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Trash Talk In Memphis

Trash workers for the city of Memphis plan to turn out Tuesday to protest a city proposal to privatize garbage collection.

Invoking the 1968 Memphis sanitation workers’ strike, workers protesting earlier this month carried signs saying, “I am a man,” the same slogan their predecessors used to demand safe working conditions and an end to preferential treatment for white workers. Martin Luther King, Jr., was in Memphis to support the garbage workers when he was assassinated.

That’s the history that one worker interviewed by WMC TV Channel 5 argues would be lost. He says privatization would strip the city of local control and result in poorer service quality, but would also allow history to “fall by the wayside.”

“A lot of these guys did work during the ’68 period. A lot of them worked immediately after the ’68 period, so you have a lot of history associated with what we do,” worker Rod Lobbins tells the station.

But it’s hard to see how a cost-cutting measure would erase or undermine the important legacy Lobbins is talking about. It’s more likely simply to send workers, who reportedly earn as much as $27 an hour or the equivalent of a $56,000 annual salary, to the want ads.

And closing a $60 million budget gap shouldn’t be confused with racism, nor should backroom deals that stick it to city taxpayers, black and white alike.

Lately, the only person whose safety has been in question is Kemp Conrad, the city councilman who proposed privatizing trash service and said it would save $20 million a year. Conrad filed a police report after someone posted on Twitter an angry message referencing a convicted murderer: “let me get very low I wish James Hawkins get out of jail a pay (Conrad’s) kids a visit since Kemp don’t like black people!!”

Look for the rhetoric to stay at its fever pitch until the budget gets passed.

Fox13 News is teasing a story to air tonight about how the city sanitation department “is poorly managed, inefficiently run, and a waste of taxpayer dollars,” featuring a video of a citizen throwing trash into a city truck while a paid worker looks on.

Jackson to Consider Taking Over Library

The public library that serves the 96,000 residents of Jackson and Madison County has asked to be taken over by the city of Jackson, the Jackson Sun reports. If the city were to agree — and Jackson Mayor Jerry Gist says the city can’t afford it — one of the first orders of business would likely be to figure out why four years of employee retirement payments were not made and how to catch up.

Apparently, some confusion stems from whether the private management company that was hired to manage the Jackson-Madison County Library in 2006 should have continued payments to a state retirement fund or treated the staff as workers of the management company, which library board chairman Brandon McWherter says has its own retirement system.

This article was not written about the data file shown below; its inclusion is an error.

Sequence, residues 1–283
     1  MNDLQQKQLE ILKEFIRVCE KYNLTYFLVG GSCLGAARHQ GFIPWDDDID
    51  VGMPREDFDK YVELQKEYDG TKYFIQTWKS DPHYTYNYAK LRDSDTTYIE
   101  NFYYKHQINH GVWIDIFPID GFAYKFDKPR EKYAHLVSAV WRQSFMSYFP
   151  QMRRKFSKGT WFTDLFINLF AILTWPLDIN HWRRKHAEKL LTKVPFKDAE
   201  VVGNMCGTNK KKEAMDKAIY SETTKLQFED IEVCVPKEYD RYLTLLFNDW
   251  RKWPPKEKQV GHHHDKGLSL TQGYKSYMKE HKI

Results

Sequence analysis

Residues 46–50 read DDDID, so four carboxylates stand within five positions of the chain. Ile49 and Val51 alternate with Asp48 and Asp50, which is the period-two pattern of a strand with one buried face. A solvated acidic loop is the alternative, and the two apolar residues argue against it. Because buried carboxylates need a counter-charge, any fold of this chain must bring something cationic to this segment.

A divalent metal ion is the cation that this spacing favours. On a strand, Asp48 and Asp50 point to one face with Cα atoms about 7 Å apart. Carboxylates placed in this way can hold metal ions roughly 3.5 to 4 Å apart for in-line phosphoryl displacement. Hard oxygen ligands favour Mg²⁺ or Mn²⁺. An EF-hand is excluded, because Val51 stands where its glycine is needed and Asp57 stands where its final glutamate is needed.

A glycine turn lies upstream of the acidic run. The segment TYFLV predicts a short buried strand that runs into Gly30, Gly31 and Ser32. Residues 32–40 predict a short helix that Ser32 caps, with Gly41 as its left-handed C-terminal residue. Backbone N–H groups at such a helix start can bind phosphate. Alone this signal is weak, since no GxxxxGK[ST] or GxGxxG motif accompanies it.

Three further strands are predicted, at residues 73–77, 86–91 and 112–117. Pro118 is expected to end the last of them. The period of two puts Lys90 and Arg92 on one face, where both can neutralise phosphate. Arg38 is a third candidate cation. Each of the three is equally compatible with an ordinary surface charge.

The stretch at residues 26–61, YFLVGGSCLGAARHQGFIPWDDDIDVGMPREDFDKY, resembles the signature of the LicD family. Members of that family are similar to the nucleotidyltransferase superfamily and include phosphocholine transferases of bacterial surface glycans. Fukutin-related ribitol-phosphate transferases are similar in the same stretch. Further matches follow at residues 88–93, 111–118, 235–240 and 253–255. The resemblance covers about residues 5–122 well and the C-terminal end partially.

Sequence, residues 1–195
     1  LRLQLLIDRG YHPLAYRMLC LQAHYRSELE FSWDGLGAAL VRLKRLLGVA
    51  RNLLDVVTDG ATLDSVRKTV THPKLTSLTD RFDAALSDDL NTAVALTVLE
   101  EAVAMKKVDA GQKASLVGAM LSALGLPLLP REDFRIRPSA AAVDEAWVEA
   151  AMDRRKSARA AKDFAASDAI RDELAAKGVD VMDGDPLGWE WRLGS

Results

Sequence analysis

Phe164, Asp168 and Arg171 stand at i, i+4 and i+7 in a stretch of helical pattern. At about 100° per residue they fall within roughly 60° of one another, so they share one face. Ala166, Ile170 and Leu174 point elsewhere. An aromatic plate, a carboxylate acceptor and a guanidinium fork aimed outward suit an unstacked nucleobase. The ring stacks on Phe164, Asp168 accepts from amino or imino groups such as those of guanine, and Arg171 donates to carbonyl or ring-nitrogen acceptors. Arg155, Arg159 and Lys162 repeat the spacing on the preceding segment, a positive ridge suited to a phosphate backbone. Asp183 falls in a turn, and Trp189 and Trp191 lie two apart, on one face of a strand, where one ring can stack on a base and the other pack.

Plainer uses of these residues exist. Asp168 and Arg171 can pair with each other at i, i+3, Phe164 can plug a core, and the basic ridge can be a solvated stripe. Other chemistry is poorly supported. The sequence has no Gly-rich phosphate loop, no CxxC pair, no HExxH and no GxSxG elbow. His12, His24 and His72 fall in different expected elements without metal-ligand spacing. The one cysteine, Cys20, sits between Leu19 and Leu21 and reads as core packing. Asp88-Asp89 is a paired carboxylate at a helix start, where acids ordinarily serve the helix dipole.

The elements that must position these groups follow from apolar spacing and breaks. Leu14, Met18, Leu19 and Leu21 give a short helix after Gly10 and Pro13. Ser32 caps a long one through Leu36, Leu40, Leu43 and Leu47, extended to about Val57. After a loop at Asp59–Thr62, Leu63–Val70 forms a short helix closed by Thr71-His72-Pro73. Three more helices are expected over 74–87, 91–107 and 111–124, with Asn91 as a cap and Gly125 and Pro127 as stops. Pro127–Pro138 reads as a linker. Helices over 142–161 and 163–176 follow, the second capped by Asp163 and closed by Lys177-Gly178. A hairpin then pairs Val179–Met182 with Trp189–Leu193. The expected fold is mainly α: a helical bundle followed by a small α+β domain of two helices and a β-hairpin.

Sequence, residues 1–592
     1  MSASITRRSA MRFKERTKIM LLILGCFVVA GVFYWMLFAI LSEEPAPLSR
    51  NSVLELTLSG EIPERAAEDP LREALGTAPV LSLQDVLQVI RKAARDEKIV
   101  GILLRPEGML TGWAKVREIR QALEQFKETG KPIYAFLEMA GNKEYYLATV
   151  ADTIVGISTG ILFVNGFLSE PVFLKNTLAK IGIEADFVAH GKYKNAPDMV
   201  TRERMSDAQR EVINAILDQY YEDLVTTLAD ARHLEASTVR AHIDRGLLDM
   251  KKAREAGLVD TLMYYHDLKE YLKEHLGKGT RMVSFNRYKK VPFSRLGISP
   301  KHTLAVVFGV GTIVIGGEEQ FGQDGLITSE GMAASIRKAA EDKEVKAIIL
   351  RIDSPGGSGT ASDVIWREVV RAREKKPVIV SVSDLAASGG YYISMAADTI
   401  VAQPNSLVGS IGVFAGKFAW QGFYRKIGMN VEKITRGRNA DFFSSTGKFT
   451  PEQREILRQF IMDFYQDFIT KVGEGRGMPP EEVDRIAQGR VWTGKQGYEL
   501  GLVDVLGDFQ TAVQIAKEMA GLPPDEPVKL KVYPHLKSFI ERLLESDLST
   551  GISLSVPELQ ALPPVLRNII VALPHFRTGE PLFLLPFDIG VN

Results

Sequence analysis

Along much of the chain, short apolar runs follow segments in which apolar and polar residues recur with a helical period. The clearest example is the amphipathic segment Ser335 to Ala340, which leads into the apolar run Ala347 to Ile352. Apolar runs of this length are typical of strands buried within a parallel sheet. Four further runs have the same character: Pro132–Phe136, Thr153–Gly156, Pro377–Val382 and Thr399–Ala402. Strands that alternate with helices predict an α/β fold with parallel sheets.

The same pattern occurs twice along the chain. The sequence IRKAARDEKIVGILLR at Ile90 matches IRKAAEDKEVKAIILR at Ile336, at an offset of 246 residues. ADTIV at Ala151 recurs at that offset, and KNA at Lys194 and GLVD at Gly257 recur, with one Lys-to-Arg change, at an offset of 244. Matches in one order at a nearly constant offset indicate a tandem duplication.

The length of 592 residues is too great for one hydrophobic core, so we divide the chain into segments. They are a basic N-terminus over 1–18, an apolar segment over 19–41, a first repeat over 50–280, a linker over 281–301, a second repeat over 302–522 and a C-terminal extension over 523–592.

Such questions of oversight often come up as communities weigh whether to hand over the books to private companies. Residents also worry about whether they will be more interested in serving the public or in the bottom line — although governmental difficulties conceiving and achieving bottom-line goals are often what drive privatization efforts in the first place.

In Jackson, the problems don’t end with the retirement funds. The library’s “facilities are largely outdated, we’ve had the same computers for years, and we may soon be understaffed. We don’t want to lay people off, shorten hours and decrease our material purchases,” McWherter said. “Those things will do nothing but cut the legs out from under our efforts over the past several years.”

McWherter noted in a letter to the city, though, that on the whole he believes the 2005 decision to privatize the library “has been a good move and has led to much growth and success.”

Group: TVA Should No Longer Get to Evade Environmental Laws, Marketplace Competition

Environmental Integrity Project Press Release, Dec. 14, 2009:

As 1st Anniversary of Kingston Coal Ash Spill Nears, EIP Report Exposes TVA’s Pollution, Poor Environmental Track Record, and Reveals How TVA Avoids Compliance with Federal Environmental Laws; EIP and Top Groups Call on White House to Reform TVA.

WASHINGTON, D.C. – Eight decades after President Franklin Delano Roosevelt created the Tennessee Valley Authority (TVA) to bring power to the southeastern United States, the TVA should no longer be exempt from federal environmental enforcement and the healthy influence of competition in its region, according to a major new report released today by the nonprofit Environmental Integrity Project (pdf).